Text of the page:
If the story of Jesus is true all the way through, then Jesus is indeed a uniqueman. I realize that a double comparison in our English language is considered ungrammatical, but in the New Testament Greek language of the Gospels a double comparison is often used. So, in fact, if the Gospel story of Jesus is true, Jesus is the "most unique" of all men-absolutely like and yet wonderfully unlike any other person in all our experience.

Don't let me lose you here. Stay with me, please. If we have ever been asked to state the most profound thought that has ever entered our minds, we probably realize it was extremely difficult to put into words. And we very likely still have great difficulty putting an answer into concise words because it really involves the whole of our basic being. It involves where we came from, why we are here, and where we are going. Putting it personally, it deals directly with the question, "Who are you?" Where did you come from? Why are you here? Where are you going? Can you actually put your answer into words?

This may seem highly presumptuous of me, but I am going to try to deal with that profundity. I appeal to you to read charitably. If you read like an English professor, my mistakes in grammar will probably divert you from concentrating on what I am trying to say. If you read like a legal attorney, you may dismiss everything on technicalities. If you read like a theologian, you'll soon realize (if you haven't already) that I'm no theologian. But if you read like a gold prospector, you must be willing to sift through ever so much (that you suspect you may have to throw away) because the nuggets that are hopefully to be found will be worth all the effort. Of course, be assured I'm certainly not consciously or deliberately putting in any waste material just for the fun of hassling you!

There are three important goals I would like to accomplish through this paper. First, I want you to really appreciate God, your heavenly Father, more gloriously than you ever have before. Secondly, I want you to appreciate who you actually are-truly to think more highly of yourself-than you have ever thought before. (You will also think more highly of others when you do.) And, thirdly, I want you very literally to trust more than ever in Jesus Christ as God's wondrous means to your perfection, so that you will never ever fall away from him.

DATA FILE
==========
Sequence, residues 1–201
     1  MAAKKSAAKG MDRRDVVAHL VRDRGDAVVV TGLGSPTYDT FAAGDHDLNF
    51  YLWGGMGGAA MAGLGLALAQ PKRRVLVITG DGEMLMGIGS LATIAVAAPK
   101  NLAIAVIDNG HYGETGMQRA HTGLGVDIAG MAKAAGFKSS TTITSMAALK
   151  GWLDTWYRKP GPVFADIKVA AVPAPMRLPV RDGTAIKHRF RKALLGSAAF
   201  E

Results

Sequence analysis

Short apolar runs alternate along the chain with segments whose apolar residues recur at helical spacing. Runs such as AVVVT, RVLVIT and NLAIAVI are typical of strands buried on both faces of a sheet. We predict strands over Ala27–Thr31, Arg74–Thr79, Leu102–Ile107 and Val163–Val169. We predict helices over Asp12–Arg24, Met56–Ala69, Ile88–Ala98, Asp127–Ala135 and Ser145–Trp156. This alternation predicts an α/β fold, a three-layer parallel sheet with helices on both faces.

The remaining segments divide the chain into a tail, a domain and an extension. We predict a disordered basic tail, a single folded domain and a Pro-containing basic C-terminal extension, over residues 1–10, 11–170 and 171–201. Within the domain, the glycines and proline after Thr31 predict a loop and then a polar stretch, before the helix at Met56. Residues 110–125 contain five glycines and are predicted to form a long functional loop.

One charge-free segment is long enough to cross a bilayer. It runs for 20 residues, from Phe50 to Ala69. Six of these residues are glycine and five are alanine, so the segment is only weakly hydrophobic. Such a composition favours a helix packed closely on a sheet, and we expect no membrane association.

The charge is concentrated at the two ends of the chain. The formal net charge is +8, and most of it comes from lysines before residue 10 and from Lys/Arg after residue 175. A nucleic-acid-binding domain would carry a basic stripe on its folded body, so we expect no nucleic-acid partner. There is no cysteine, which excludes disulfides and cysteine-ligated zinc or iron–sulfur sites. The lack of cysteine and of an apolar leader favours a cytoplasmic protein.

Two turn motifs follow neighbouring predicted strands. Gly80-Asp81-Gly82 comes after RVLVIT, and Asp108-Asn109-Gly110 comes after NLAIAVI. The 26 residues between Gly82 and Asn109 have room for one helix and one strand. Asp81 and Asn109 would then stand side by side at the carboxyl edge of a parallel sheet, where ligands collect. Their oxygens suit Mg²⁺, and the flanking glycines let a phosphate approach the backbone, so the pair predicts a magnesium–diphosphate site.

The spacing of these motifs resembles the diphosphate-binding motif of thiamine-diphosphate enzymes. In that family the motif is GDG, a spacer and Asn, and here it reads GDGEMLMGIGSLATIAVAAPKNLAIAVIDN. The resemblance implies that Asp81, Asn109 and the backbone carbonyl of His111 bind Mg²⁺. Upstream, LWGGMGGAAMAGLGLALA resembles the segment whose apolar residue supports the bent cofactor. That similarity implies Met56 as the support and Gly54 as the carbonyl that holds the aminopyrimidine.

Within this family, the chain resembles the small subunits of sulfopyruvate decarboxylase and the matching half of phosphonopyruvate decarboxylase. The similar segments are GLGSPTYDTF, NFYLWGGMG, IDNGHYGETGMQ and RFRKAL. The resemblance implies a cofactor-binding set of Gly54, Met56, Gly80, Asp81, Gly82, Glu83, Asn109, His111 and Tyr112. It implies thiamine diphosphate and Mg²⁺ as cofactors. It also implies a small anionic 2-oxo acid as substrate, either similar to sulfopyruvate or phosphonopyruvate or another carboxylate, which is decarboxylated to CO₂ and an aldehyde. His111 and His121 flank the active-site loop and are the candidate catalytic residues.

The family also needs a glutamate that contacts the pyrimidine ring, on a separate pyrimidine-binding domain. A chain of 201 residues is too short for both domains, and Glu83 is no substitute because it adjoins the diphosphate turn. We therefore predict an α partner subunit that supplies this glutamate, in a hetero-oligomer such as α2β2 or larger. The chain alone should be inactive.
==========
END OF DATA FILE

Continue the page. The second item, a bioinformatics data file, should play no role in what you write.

Hoping to have clarified earlier my generic usage of the term man, I quote now an appropriate passage from Elton Trueblood's book, The Common Ventures of Life. The truth in Trueblood's observation is basic to grasping the answer to the profound question of "Who Are You?" which is what this paper, The Hope of Glory, is all about. So please read the following very carefully and thoughtfully.

    "What we discover as we look at our world philosophically is a series of levels or stratifications of reality. The lowest level, and apparently the earliest, is mere MATTER, with its mechanical basis. Above this is LIFE, which in its characteristic forms, grows and reproduces itself in one way or another. The third level is ANIMAL MIND, which, in its characteristic forms, seeks means to the satisfaction of instinctive appetites. The fourth level, SPIRIT, not merely chooses between means, as animal mind does, but proceeds to the choice between ends, by referring to a recognized ideal standard of good.

    "These levels are by no means wholly separated, but are connected in specific ways. In each case the lower is necessary to the actuality of the higher, but the higher controls and utilizes all the levels beneath it.

    "Man includes all four levels in that he is material, living, mental and spiritual all in one. So far as we can tell, a tree includes only two of these [the lowest] levels. Furthermore, the true value of the lower levels becomes clear only when they are utilized by the higher."

Please note the identified ascending levels of reality: mere matter, simple life, brute animal mind, and human spirit. But then Trueblood goes on to state:

    "Now an important point to note is the way in which this philosophy unites man with nature at the same time that it elevates him above nature by recognition of the unique differentia of spirit. It is part of man's glory that he can apprehend [the process], but the more he apprehends the process the more certain he becomes that he is an integral part of the same process. He has emerged in the midst of the process that he apprehends… That the world should give rise to creatures sensitive to values and concerned with duty gives one clue to the secret of the nature of the world."

Then Trueblood quotes the critical truth that was observed by the philosopher Aristotle long before the birth of Jesus Christ :